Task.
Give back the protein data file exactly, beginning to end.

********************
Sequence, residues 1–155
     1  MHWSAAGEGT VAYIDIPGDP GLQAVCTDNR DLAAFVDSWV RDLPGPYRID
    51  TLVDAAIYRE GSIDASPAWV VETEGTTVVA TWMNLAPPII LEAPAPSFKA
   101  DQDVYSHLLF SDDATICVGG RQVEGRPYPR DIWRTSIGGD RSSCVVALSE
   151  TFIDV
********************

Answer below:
Sequence, residues 1–155
     1  MHWSAAGEGT VAYIDIPGDP GLQAVCTDNR DLAAFVDSWV RDLPGPYRID
    51  TLVDAAIYRE GSIDASPAWV VETEGTTVVA TWMNLAPPII LEAPAPSFKA
   101  DQDVYSHLLF SDDATICVGG RQVEGRPYPR DIWRTSIGGD RSSCVVALSE
   151  TFIDV